Why shouldn’t the process of speaking, which involves the integration of my knowledge of how sentences are constructed and how words are pronounced with conceptual knowledge, systems of memory, predictive processes, etc, not be explained similarly? Indeed, recognizing this distinction makes it possible to diagnose particular facts as belonging to my knowledge of grammar vs. the processing systems that make use of that knowledge.
To be slightly more specific, consider the phenomenon of agreement attraction:
(9) The key to the cabinets is/#are on the table
The phenomenon is that people occasionally produce “are” and not “is” in sentences like these (around 8% of the time in experimental production tasks, according to Kay Bock) and they even fail to notice the oddness of “are” in speeded acceptability judgment tasks. Why does this happen? Well, psycholinguists have argued that this has something to do with the way parts of sentences are stored and reaccessed in working memory during sentence comprehension. That is, using an independently understood model of working memory and applying it to sentence comprehension these authors explained the kinds of agreement errors that English speakers do and do not notice. So, performance masks competence in some cases. And it does so in a way that saves us from having to complicate our grammatical theory of subject-verb agreement by allowing us to apportion explanation between the grammatical theory and the processing theory. Are such explanations somehow less scientific that ones that fail to apportion explanation across domains? Obviously not.
I&T also claim that this distinction between knowledge and use (competence and performance in Chomsky’s terms) is pernicious and undercuts the falsifiability of proposals about language acquisition. But why? Consider the following. All language users understand sentences incrementally – they build their understanding as they hear sentences, rather than waiting for them to end. This sometimes leads to trouble. For example, consider the following
(10) Put the frog on the napkin in the box
When we hear such sentences, our initial interpretation of the phrase “on the napkin” is as the location where the speaker wants the frog to be put. As the sentence continues, we revise our interpretation so that “on the napkin” is instead understood as a modifier of the phrase “the frog,” equivalent to “the frog that is on the napkin.” This revision process can be seen in eye- tracking studies of sentence understanding. Children show difficulty revising this initial interpretation, an effect that can be seen both in their eye-movements and in their actions, where they sometimes put the frog on the napkin. One proposal is that this difficulty in revision is explained by children having less developed executive control mechanisms, the mechanisms that allow for the inhibition of prepotent or partially executed responses. Indeed, patients with damage to the brain areas that control this kind of executive function show the same pattern.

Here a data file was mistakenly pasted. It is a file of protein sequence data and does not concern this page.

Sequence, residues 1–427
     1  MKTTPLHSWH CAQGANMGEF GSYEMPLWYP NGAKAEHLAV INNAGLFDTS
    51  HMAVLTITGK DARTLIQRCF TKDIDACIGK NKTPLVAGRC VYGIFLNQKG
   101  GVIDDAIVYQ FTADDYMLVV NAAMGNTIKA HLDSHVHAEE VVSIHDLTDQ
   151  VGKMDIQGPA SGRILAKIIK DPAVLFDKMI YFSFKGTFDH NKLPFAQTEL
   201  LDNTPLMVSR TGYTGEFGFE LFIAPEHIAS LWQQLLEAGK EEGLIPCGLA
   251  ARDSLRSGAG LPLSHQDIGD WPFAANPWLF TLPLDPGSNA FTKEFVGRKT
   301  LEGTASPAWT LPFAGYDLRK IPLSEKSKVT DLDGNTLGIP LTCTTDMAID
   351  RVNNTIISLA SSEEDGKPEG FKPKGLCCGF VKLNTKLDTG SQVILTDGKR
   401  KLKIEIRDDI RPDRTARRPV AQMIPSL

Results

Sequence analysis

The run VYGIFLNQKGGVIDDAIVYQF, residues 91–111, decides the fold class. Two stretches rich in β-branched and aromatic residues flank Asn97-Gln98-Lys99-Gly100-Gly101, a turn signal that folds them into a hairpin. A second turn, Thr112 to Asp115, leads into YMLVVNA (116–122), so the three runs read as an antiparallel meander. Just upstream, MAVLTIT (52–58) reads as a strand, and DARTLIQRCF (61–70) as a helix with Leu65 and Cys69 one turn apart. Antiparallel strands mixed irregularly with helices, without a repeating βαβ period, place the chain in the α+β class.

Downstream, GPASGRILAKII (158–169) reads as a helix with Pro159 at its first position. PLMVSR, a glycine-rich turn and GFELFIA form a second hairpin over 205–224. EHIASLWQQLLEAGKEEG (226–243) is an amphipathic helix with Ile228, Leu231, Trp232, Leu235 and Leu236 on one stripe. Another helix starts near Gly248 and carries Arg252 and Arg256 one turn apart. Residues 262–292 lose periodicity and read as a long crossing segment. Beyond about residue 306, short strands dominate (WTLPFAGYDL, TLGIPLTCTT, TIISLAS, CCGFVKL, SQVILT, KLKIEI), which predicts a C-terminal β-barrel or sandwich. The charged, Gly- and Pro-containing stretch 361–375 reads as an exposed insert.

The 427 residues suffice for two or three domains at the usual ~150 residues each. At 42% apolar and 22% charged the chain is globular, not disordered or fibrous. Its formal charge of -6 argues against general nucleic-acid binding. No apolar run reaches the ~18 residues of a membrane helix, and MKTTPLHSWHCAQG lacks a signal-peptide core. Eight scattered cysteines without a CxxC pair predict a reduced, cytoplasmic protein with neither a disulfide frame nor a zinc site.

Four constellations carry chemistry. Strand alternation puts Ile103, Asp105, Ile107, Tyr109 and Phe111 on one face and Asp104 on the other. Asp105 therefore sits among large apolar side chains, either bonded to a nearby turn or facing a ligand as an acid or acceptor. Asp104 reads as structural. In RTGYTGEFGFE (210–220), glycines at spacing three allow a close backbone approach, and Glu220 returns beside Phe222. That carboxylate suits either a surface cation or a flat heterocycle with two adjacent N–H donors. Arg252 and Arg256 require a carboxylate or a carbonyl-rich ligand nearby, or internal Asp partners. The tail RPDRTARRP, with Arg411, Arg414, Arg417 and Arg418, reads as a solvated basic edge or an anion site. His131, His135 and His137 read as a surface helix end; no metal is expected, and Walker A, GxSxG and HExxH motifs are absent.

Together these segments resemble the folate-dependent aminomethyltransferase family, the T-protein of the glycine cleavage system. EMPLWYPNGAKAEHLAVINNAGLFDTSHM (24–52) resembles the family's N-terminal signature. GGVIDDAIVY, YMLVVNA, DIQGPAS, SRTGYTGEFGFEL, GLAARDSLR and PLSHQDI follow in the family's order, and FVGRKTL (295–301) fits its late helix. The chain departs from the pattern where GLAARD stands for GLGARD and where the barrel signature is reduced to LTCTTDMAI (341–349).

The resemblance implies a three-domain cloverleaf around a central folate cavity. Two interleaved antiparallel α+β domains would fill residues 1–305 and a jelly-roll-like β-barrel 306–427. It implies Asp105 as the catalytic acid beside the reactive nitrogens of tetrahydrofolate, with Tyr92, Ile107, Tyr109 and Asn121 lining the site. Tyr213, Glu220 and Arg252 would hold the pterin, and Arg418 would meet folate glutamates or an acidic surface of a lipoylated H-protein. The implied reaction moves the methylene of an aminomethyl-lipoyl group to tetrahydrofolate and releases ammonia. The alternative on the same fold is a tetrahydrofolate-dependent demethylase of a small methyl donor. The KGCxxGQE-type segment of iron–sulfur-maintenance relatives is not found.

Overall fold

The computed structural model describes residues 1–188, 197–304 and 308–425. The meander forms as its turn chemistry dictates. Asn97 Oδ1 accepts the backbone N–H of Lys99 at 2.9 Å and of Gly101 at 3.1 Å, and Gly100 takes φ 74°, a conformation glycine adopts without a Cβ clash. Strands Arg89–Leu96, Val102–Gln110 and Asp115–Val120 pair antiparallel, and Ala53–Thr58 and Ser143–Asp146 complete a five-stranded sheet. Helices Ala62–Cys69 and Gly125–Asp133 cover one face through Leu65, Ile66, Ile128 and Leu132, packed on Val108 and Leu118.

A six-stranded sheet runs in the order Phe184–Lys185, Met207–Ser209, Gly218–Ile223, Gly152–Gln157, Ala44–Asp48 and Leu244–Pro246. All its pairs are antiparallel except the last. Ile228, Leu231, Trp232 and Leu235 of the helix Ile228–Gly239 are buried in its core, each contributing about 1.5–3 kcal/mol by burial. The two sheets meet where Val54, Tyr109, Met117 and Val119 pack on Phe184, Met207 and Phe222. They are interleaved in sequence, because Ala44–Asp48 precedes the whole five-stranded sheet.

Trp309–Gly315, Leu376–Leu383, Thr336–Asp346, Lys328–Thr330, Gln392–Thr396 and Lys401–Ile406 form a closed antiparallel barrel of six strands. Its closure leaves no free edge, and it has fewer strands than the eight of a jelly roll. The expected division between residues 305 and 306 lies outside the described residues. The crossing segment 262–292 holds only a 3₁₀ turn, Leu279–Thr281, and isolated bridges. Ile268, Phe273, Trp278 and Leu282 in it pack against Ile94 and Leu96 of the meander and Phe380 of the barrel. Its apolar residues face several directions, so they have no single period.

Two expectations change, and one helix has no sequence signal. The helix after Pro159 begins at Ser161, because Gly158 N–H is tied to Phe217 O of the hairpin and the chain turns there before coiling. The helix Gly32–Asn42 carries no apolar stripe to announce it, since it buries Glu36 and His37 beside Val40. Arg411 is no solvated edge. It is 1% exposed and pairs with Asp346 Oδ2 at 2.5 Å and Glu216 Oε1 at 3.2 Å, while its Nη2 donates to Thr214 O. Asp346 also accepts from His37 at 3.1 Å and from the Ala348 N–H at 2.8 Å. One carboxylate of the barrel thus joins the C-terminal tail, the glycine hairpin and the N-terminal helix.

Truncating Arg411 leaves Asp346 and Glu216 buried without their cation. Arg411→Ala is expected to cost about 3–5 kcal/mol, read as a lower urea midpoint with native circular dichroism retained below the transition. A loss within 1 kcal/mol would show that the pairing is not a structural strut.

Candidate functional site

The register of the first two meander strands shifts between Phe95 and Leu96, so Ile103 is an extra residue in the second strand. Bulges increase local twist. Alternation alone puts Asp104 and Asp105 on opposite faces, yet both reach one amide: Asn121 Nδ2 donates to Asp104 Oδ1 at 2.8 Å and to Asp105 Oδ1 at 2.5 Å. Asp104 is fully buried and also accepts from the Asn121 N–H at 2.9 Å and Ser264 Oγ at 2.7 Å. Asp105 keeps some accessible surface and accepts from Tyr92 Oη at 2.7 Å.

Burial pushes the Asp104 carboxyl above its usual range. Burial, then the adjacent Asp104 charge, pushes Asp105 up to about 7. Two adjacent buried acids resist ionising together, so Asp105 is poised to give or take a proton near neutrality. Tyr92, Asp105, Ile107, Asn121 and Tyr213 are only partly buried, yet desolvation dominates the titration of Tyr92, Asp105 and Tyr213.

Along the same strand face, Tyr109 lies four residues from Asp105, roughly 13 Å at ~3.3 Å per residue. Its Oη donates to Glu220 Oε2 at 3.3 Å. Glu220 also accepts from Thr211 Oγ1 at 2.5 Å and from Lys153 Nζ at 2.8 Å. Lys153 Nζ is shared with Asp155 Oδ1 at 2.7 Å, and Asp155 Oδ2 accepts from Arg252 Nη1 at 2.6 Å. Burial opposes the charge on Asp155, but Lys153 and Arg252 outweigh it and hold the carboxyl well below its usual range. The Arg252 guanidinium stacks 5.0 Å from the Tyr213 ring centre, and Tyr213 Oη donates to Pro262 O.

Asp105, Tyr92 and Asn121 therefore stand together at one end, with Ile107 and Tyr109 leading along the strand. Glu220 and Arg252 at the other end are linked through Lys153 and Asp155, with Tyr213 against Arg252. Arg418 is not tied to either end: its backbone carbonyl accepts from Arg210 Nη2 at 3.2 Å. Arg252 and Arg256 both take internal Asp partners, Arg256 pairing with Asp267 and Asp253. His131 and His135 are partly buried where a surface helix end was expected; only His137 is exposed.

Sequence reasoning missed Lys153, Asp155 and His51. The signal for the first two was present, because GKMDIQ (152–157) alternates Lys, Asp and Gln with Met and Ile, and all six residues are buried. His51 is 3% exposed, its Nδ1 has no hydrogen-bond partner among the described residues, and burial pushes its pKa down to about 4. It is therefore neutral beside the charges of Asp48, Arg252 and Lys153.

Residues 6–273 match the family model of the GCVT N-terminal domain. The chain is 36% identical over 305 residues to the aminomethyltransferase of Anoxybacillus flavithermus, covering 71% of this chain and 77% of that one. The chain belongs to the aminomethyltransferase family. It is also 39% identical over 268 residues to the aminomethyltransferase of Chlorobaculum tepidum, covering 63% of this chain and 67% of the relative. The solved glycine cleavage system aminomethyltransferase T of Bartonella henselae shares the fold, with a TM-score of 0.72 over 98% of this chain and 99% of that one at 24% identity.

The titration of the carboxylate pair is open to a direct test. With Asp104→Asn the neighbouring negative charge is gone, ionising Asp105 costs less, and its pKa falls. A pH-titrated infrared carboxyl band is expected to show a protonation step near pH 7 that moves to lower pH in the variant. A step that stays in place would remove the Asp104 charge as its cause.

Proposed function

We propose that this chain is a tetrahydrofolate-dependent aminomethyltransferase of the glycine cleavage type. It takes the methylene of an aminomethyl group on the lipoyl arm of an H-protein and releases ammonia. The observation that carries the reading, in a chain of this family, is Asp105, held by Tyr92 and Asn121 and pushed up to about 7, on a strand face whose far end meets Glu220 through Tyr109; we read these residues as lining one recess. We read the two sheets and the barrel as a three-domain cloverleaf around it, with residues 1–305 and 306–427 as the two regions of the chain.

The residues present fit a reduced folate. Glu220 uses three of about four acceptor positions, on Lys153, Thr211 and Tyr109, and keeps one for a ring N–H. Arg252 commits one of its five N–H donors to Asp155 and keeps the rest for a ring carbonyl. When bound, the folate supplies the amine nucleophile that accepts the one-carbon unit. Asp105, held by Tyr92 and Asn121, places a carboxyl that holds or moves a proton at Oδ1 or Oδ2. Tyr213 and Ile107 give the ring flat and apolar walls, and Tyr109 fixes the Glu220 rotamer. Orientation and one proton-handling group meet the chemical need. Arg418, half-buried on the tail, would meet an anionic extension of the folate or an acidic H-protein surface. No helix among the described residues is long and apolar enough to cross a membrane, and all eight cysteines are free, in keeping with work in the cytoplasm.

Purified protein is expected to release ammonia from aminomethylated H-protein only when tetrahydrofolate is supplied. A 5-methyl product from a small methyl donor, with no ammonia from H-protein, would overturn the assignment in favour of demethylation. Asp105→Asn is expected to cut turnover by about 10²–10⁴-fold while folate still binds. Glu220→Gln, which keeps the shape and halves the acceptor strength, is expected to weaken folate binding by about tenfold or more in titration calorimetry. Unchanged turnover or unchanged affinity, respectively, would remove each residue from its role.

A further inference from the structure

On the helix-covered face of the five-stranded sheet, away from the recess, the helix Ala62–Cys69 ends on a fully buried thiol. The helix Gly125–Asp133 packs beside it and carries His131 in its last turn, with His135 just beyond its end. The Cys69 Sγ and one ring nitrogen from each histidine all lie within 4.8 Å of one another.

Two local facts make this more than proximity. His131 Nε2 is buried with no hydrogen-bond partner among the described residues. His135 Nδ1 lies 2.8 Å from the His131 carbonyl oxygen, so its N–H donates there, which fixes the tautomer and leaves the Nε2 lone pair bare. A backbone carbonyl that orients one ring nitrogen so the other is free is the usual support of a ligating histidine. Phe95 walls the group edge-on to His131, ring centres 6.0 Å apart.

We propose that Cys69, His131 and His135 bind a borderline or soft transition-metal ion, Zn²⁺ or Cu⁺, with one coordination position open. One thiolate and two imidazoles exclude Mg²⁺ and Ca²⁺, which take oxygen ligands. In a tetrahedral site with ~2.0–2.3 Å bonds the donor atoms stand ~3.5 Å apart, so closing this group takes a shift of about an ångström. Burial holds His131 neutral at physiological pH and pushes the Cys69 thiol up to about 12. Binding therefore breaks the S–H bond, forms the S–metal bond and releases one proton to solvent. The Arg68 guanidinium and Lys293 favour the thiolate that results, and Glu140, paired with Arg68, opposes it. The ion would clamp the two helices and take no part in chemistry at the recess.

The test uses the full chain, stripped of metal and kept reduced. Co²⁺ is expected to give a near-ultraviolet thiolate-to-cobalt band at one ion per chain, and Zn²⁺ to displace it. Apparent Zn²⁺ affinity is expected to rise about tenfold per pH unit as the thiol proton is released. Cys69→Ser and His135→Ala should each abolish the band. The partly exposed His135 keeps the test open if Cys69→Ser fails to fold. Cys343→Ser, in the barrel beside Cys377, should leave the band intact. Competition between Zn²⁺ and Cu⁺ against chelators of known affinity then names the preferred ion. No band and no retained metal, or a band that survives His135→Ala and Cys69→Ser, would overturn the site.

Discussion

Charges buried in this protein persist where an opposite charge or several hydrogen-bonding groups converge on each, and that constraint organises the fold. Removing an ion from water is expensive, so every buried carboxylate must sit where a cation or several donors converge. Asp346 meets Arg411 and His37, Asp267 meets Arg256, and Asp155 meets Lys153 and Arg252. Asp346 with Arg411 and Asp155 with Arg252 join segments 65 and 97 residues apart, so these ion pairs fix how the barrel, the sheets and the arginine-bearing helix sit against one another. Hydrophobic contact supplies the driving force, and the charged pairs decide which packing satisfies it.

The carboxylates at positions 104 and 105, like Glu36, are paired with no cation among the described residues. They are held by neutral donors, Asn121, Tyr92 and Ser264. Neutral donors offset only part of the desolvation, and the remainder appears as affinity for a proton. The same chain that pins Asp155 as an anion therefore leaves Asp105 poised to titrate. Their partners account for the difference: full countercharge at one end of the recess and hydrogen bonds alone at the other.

This difficulty can be generalized in a way that explains children’s errors in language acquisition. For example, Akira Omaki examined English- and Japanese-learning 4-year-olds’ interpretations of sentences like:
Where did Lizzie tell someone that she was going to catch butterflies?
These sentences have a global ambiguity in that the word “where” could be associated with the main verb (tell) or the embedded verb (catch). Now, if children are incremental parsers and if they have difficulty revising their initial parsing decisions, then we predict that English children should show a very strong bias for the main verb interpretation, since that interpretation would be the first one an incremental parser would access. And, Japanese children should show a very strong bias for the embedded interpretation, since the order of verbs would be reversed in that language. Indeed, that is precisely what Omaki found, suggesting that independently understood properties of the performance systems could explain children’s behavior. Thus, understanding performance systems allows us to explain a pattern in language acquisition across language that receives no general explanation otherwise.
In sum, I&T announce the demise of Chomskyan linguistics, but fail to engage seriously with any of the core ideas of the field. I&T, along with the research they cite, avoid addressing any of central claims of Chomskyan linguistics. They do not show that there is a logical problem with the framework laid out by Chomsky in the 1960s; nor do they show that there are any fundamental empirical problems with this framework. The failure to distinguish the key ideas of the framework from specific proposals within it, along with the naive understanding of how language structure, language acquisition and language use relate to each other leads to an article that is deeply confused about the positions that it claims to have overthrown and the force of the “evidence” that it purports to have presented.